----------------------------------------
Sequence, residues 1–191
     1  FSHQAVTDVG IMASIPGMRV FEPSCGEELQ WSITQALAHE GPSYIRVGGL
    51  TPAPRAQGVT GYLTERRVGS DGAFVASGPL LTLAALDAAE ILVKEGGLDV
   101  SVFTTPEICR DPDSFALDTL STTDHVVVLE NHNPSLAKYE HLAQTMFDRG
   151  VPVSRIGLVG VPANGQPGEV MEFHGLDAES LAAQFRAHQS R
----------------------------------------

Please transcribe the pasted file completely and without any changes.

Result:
Sequence, residues 1–191
     1  FSHQAVTDVG IMASIPGMRV FEPSCGEELQ WSITQALAHE GPSYIRVGGL
    51  TPAPRAQGVT GYLTERRVGS DGAFVASGPL LTLAALDAAE ILVKEGGLDV
   101  SVFTTPEICR DPDSFALDTL STTDHVVVLE NHNPSLAKYE HLAQTMFDRG
   151  VPVSRIGLVG VPANGQPGEV MEFHGLDAES LAAQFRAHQS R